Two years ago, Starbucks’ holiday slogan was “Let’s Merry.” As in “Let us merry” or “Permit us to merry.” It was an attempt at a pun, but it makes almost no sense.
When we are alive, unconcerned about death, it is almost impossible to get any sort of perspective on the true scope of our lives. It is as if we are running through a maze, and we will never find our way out until we can view it from above.
When the kid in 7A reached over and tapped me on the shoulder, I made the worst decision of that whole flight: I responded to him.
In a Gallup poll from August 2013, only 2% of Americans said that “Poverty/Hunger/Homelessness” was one of “the most important problems facing this country today.”
“Here’s to alcohol, the rose colored glasses of life.”
According to Grunfeld, a poor woman in a coffee shop didn’t write the Harry Potter series; instead, a team of writers and advertisers came together to create a meticulously crafted, hyper-slick franchise with wide appeal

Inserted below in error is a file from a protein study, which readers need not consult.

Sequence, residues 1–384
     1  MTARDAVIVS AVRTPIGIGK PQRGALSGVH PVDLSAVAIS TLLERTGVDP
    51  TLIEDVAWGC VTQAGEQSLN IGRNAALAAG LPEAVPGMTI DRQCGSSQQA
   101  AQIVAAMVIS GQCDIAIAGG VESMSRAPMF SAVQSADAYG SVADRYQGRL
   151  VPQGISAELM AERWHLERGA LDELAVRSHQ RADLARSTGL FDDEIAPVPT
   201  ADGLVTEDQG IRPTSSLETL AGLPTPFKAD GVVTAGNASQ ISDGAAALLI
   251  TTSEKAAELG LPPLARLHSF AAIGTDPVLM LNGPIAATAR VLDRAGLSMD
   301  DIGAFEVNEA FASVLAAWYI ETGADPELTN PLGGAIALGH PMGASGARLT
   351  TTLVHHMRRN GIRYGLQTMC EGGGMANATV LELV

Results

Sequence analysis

Stanford professor Sean F. Reardon found that since the 1960s, the difference in exam scores between rich and poor students has grown by 40%. As far as college completion rates, the difference between rich and poor students has grown by 50% over the last 30 years.
An ugly, lonely boy who supposedly has a curse over him as a result of his great-great-grandfather stealing the shoes of Clyde “Sweet Feet” Livingston, Stanley Yelnats is just one of many pathetic characters in Sachar’s novel.
“Should I kill myself, or have a cup of coffee?”
Interestingly, couples in the happiest relationships reported that kissing was more important than sex, and lasting relationships can be better predicted by kissing frequency than by frequency of intercourse.